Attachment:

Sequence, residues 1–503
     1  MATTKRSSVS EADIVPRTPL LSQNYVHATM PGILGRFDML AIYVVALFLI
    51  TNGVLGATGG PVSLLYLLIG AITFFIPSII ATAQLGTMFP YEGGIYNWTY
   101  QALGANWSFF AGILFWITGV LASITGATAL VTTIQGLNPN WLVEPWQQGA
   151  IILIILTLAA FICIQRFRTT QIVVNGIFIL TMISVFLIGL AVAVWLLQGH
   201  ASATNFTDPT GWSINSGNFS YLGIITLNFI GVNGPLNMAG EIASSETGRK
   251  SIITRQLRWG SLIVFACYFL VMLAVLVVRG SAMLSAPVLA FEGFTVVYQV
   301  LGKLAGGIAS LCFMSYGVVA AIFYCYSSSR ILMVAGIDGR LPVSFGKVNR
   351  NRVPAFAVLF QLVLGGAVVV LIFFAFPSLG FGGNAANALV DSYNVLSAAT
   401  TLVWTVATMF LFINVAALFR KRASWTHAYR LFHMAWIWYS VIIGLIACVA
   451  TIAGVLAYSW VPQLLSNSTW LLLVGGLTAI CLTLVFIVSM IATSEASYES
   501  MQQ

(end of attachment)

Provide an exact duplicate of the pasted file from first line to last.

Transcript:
Sequence, residues 1–503
     1  MATTKRSSVS EADIVPRTPL LSQNYVHATM PGILGRFDML AIYVVALFLI
    51  TNGVLGATGG PVSLLYLLIG AITFFIPSII ATAQLGTMFP YEGGIYNWTY
   101  QALGANWSFF AGILFWITGV LASITGATAL VTTIQGLNPN WLVEPWQQGA
   151  IILIILTLAA FICIQRFRTT QIVVNGIFIL TMISVFLIGL AVAVWLLQGH
   201  ASATNFTDPT GWSINSGNFS YLGIITLNFI GVNGPLNMAG EIASSETGRK
   251  SIITRQLRWG SLIVFACYFL VMLAVLVVRG SAMLSAPVLA FEGFTVVYQV
   301  LGKLAGGIAS LCFMSYGVVA AIFYCYSSSR ILMVAGIDGR LPVSFGKVNR
   351  NRVPAFAVLF QLVLGGAVVV LIFFAFPSLG FGGNAANALV DSYNVLSAAT
   401  TLVWTVATMF LFINVAALFR KRASWTHAYR LFHMAWIWYS VIIGLIACVA
   451  TIAGVLAYSW VPQLLSNSTW LLLVGGLTAI CLTLVFIVSM IATSEASYES
   501  MQQ